To make a spun-sugar web to wrap around the croquembouche: Cut the looped ends of a wire whisk with wire cutters, or use 2 forks held side by side, and dip the ends into caramel. Wave the caramel back and forth over the croquembouche, allowing the strands to fall in long, thin threads around it. Wrap any stray strands up and around the croquembouche. Serve.

#athomesoigne

Holiday Soirée ideas to entice fellowship! 

December is a busy month for the at home hostess! With so many friends and acquaintances from different pockets of life, it is easy to include every one who has made your year special. Hosting a holiday Soirée may seem more daunting than festive, however. Will your Michelin starred Chef friend get along with your Yoga buddy? Will your Yoga buddy have anything to talk about with your Flute instructor? 

A few weeks ago, I was fortunate to collaborate with Nicole Osibodu, the clever genius of Pink Pineapple Event Designs.

 For Affinité magazine, Nicole and I came up with ice breaker Soirée ideas to make any party merrier and bright, while bringing all your friends together. 

Enjoy! 

Marshmallows 

           It has been an eventful week. Thanksgiving has come and gone, and New York is finally decorated and ready for Christmas!

Lately, I have been sorting through my iCloud. While doing so, I have been discovering photos, recipes and all sorts of treasures from my past. One gem I found was a marshmallow recipe from when I was a Pastry Sous Chef at a restaurant called Quay in Chicago. The dessert was an elegant version of a s’more (I know, so trite, but this was almost six years ago).

I have no idea what has become of the restaurant, but long live my marshmallow recipe.  May you enjoy now too!

17 oz Sugar
1.5 oz Glucose
Water as needed
4 oz Egg Whites

13 gelatin sheets (these can be found at specialty stores and Whole Foods).

Cornstarch as needed mixed with Powdered sugar as needed.

Cook sugar, glucose and water to 275 degrees. What professionals call firm ball. 

Bloom the gelatin sheets by placing them into cold water.

Slowly incorporate into whipping egg whites. The mixture will be warm. Once the mixture cools, add bloomed gelatin. It is important that no access water is added to the mixture.

Line a pan with parchment paper and generously dust with cornstarch and powdered sugar mixture.

Whip egg white mixture until cool and stiff peak, or till the mixture is thick and holding independently.

Pour into lined and dusted pan. Let it sit and dry out. Do not refrigerate!

#athomesoigné

French Style Pavóchon!

Holiday Traditions are such a joyful pleasure. For those lucky to have traditions centered around a dinner table; eat, drink and be merry becomes an annual lifestyle!

Yesterday, Thanksgiving, was the busiest day of the year in the gastronomic world. It also traditionally signifies the beginning of the Christmas season.  Ding, Dong Merrily on High!

My brother Jason is quite the at home Chef. With my sister in law Beth at his side to deck their dinner table – (not to mention their home), the duo has certainly Mastered the Art of Living. The Crye family Black Friday Pavóchon is a tradition worth noting. My brother has  adepted his Pavóchon based off a Stephane Reynard recipe: Dinde Farcie de Bonnes Choses.

11 pound, deboned Turkey

3.5 ounces of bacon

3.5 ounces of pork belly

14 ounces pork loin

5 ounces chestnuts

6 cloves of garlic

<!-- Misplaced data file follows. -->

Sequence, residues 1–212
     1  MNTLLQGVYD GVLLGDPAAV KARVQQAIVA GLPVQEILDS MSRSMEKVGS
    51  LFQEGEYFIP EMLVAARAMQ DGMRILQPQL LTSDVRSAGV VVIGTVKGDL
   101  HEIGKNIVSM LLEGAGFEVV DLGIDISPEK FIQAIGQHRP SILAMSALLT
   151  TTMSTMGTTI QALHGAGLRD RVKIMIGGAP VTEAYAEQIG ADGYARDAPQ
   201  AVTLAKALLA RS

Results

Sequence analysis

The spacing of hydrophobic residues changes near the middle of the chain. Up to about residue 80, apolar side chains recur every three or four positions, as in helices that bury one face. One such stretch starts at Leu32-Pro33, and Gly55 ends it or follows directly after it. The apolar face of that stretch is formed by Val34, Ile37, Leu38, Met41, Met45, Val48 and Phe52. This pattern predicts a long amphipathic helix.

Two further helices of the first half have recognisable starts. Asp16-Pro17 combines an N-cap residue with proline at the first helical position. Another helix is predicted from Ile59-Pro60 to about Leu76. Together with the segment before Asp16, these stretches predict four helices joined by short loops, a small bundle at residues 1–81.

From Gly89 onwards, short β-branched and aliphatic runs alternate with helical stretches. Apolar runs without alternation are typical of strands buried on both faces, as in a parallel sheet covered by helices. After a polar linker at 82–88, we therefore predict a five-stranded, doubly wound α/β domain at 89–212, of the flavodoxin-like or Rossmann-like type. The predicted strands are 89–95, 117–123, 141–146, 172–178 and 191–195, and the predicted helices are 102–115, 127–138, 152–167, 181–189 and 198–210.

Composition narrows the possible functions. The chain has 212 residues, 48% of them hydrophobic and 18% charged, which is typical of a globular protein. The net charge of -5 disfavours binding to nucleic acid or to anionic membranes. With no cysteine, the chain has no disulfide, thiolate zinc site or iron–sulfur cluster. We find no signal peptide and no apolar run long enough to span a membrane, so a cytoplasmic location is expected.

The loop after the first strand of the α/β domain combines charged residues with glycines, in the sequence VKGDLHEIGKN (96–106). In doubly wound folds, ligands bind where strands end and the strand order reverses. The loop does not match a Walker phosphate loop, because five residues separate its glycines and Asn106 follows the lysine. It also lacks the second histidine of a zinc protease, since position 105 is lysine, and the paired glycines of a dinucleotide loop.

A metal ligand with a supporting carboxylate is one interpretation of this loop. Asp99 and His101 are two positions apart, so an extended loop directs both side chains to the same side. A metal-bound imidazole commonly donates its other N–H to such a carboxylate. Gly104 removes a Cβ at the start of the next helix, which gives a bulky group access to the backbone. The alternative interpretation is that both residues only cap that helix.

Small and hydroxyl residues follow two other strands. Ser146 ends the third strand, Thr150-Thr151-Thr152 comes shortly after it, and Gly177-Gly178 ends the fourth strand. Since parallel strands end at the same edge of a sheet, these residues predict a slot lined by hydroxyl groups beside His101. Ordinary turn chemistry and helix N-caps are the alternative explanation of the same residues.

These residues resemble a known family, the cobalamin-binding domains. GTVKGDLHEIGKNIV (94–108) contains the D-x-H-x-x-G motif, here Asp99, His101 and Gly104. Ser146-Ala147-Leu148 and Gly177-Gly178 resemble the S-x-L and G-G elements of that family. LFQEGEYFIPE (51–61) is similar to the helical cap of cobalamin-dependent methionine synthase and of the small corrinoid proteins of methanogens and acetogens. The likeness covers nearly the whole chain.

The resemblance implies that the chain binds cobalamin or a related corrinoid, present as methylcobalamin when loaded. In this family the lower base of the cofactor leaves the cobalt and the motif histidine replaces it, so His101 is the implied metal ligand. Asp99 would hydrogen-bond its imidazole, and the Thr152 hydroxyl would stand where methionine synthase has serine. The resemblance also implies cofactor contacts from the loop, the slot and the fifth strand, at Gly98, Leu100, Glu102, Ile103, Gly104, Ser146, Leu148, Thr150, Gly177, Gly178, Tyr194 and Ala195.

3 shallots

1 cup heavy cream

half cup pistachios

2.5 Tablespoons Armagnac

half cup of white port

Olive Oil for sautéing, salt and pepper to taste

Peel, dice  the shallots and garlic, and sauté in olive oil.

Chop all the meat. Crush the nuts. Combine with cream, Armagnac, Port, garlic and shallots.

Spoon the stuffing into the Turkey cavity. Close it up with string. Oil the turkey and season.

Roastin a 235 degree oven for 3-4 hours, basting regularly.

#athomesoigné

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Virginia is for wine lovers

Just before Christmas in 1784, Thomas Jefferson wrote to his friend and wine contact John Bonfield, The American Council in Bordeaux. He expressed a fear. He wrote to his friend, “I have written a letter to Monsieur d’Yquem for 250 bottles of his newest vintage, but I am afraid he will not know who I am.” Mr. Bonfield in favor wrote to Monsieur d’Yquem introducing Thomas Jefferson, Minister of The United States of America. By February of 1785, Jefferson had received his 250 bottles which were described as “bottled with greatest care” in a letter signed by Count Louis-Amédée Lur Saluce, the newest proprietor of what Jefferson referred to as “House of Yquem.”

Thomas Jefferson’s introduction into the circles of French society was welcomed. They viewed him as “warming to intelligent conversation” and found his colonist lifestyle intriguing. His greatest friends included French liberals such as the Duke of Rochefoucauld, the Marquis de Chastellux, and General Lafayette. Through these influences and eventual life long friends, Jefferson discovered that fine wine and fine food is a great way to meet informally with political friends and foes. He approached gastronomy as a gentile art, and encouraged the newly American citizens to embrace it as a refined accompaniment for everyday life. During his time as president, Jefferson frequently used dinner parties as a form of legislative lobbying.

The success of Virginia viticulture was one of Jefferson’s greatest ambitions. He saw a vision in a state of breathtaking views, majestic mountain ranges, favorable climate, and diverse soils. “The best Virginia soil from an agricultural point of view is clay soil.” Exclaims Gabriele Rausse, the dubbed Godfather of Virginia wine and Director of Gardens and Grounds at Jefferson’s beloved home of Monticello. “As the Virginia wine industry started to take off people started to experiment with areas which were not clay.” Says Rausse. “Virginia also has a lot of loamy soil.”

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Virginia has a topography which compares very much to the Friuli region in Italy, and now produces quality wine as well. Though Jefferson’s predictions of Virginia wine were seen as over enthusiastic, now 200 years later Gabriele Rausse along with other Virginia winemakers have turned Jefferson’s vision a reality!